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University of New Mexico Press

University of New Mexico Press

Website: http://www.unmpress.com/

Established in 1929 by the Regents of the University of New Mexico, UNM Press is a well-known and respected publisher in the fields of anthropology, archaeology, indigenous studies, Latin American studies, American studies, Chicana/o studies, art, architecture, and the history, literature, ecology, and cultures of the American West. The Press imprint is overseen by a faculty committee, whose twelve members are appointed by the Faculty Senate to represent a broad spectrum of university departments.


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University of New Mexico Press

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The Adaptive Optics Revolution Cover

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The Adaptive Optics Revolution

A History

Robert W. Duffner; Foreword by Robert Q. Fugate

Duffner has compiled the history of the most revolutionary breakthrough in astronomy since Galileo pointed his telescope skyward--the technology that will greatly expand our understanding of the universe.

Adela Breton Cover

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Adela Breton

A Victorian Artist Amid Mexico's Ruins

Mary F. McVicker

Mary McVicker writes of Adela Breton, her independence from the strictures of Victorian life, her career as a pioneering artist-archaeologist, and the enduring significance of her work.

African American History in New Mexico Cover

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African American History in New Mexico

Portraits from Five Hundred Years

Bruce A. Glasrud

Although their total numbers in New Mexico were never large, blacks arrived with Spanish explorers and settlers and played active roles in the history of the territory and state. Here, Bruce Glasrud assembles the best information available on the themes, events, and personages of black New Mexico history.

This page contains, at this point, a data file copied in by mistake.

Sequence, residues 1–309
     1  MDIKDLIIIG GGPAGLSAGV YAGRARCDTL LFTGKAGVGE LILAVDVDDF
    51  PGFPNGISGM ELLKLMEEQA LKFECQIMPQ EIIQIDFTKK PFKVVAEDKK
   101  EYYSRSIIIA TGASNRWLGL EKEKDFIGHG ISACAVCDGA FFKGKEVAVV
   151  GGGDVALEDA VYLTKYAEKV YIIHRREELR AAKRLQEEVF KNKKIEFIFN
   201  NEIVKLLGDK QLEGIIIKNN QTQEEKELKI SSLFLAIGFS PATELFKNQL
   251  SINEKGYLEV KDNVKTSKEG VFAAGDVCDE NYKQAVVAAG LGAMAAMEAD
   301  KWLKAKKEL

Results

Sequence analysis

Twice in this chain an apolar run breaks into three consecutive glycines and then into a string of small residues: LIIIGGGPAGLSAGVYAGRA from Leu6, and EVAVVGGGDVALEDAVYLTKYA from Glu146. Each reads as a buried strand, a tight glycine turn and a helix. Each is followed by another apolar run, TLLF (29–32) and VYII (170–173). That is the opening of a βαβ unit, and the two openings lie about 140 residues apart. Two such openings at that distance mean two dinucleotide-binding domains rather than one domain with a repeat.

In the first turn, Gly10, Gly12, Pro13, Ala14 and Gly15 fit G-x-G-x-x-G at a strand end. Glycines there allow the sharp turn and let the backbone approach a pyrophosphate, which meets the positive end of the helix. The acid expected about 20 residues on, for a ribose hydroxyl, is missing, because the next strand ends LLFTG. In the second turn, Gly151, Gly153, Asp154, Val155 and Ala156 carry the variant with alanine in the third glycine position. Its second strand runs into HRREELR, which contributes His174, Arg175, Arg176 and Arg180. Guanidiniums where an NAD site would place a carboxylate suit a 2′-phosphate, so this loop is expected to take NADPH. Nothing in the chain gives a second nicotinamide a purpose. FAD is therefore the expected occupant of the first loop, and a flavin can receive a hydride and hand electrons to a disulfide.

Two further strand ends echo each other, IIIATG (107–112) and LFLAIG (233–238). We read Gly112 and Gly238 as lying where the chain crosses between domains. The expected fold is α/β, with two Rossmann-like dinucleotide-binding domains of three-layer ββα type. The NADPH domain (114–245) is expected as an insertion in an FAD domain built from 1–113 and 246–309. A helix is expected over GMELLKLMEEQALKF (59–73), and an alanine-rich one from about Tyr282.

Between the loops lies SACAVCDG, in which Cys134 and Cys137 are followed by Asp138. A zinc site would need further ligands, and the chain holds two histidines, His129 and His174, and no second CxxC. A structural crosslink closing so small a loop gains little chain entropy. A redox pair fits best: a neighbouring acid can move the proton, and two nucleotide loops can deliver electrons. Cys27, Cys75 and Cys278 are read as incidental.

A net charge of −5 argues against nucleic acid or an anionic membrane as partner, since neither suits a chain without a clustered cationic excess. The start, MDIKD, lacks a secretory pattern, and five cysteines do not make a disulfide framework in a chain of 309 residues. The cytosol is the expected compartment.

The contributors portray the blacks who accompanied Cabeza de Vaca, Coronado and de Vargas and recount their interactions with Native Americans in colonial New Mexico. Chapters on the territorial period examine black trappers and traders as well as review the issue of slavery in the territory and the blacks who accompanied Confederate troops and fought in the Union army during the Civil War in New Mexico. Eventually blacks worked on farms and ranches, in mines, and on railroads as well as in the military, seeking freedom and opportunity in New Mexico’s wide open spaces. A number of black towns were established in rural areas. Lacking political power because they represented such a small percentage of New Mexico’s population, blacks relied largely on their own resources and networks, particularly churches and schools.

The Alabados of New Mexico Cover

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The Alabados of New Mexico

Edited and Translated by Thomas J. Steele, S. J.

The 126 bilingual alabados are organized by theme, including the Christ child and holy family, passion narratives, sacraments, and prayers, etc. Steele includes complete texts and extensive commentaries. He has devoted decades to collecting and studying New Mexico's alabados and his annotations are enriched by his access to many versions of each hymn.

All Aboard for Santa Fe Cover

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All Aboard for Santa Fe

Railway Promotion of the Southwest, 1890s to 1930s

Victoria E. Dye

All Aboard for Santa Fe is a comprehensive study of AT&SF's early involvement in the establishment of western tourism and the mystique of Santa Fe.

The Allen Site Cover

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The Allen Site